Review: Skin Like Silver by Chris Nickson 5* #3 Tom Harper Series!

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Skin Like Silver by Chris Nickson  5/5*

The blurb:

The third intriguing historical mystery to feature Detective Inspector Tom Harper

Leeds, England. October, 1891. An unclaimed parcel at the Central Post Office is discovered to contain the decomposing body of a baby boy. It’s a gruesome case for DI Tom Harper. Then a fire during the night destroys half the railway station. The next day a woman’s body is found in the rubble. But Catherine Carr didn’t die in the blaze: she’d been stabbed to death – and Harper has to find her killer.
The estranged wife of a wealthy industrialist, Catherine had been involved with the Leeds Suffragist Society, demanding votes for women, the same organization for which Harper’s wife Annabelle has just become a speaker. Were Catherine’s politics the cause of her death? Or is the husband she abandoned behind it? But when her brother escapes from the asylum and steals a shotgun, Harper has to race to find the answers.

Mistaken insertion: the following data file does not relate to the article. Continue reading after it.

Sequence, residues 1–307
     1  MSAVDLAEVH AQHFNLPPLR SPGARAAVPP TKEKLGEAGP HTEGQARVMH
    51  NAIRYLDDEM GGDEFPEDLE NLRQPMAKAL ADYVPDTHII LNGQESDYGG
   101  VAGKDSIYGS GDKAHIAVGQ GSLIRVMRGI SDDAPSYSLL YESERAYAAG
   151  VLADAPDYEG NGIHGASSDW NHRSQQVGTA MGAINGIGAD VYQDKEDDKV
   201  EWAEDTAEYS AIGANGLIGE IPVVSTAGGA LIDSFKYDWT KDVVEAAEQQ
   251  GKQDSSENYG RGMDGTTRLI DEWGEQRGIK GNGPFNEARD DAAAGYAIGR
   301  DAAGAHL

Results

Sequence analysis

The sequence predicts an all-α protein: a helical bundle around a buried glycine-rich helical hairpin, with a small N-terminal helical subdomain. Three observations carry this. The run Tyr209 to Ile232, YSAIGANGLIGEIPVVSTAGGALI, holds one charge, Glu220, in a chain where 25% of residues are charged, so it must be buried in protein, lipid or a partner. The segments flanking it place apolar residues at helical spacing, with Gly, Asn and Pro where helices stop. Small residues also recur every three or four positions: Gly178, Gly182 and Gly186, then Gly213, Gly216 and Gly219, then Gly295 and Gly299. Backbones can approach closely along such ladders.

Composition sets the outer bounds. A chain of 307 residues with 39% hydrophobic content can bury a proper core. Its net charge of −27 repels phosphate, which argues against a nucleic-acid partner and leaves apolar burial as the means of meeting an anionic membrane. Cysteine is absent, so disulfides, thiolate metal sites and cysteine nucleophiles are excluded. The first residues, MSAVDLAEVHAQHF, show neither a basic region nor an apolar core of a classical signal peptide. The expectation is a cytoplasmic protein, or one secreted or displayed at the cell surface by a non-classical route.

My review:

Skin like silver is the third novel in the Tom Haper series set in Victorian Leeds. The novel opens up in 1891 with Detective inspector Tom Harper tackling a tough case of a missing woman and a dead baby. We learn that Billy Reed (Tom’s former partner) has moved on to the fire service following the aftermath of their last case. Tom harper is called out to a raging fire at the railway station, which leaves a fireman dead. In the wreckage of the fire a young woman’s body is recovered and it soon becomes apparent that neither the fire nor smoke inhalation was the cause of death. With only his constable Ash to assist, Inspector Hill insists that Billy reed be seconded back to the police service to assist Tom Harper with the case.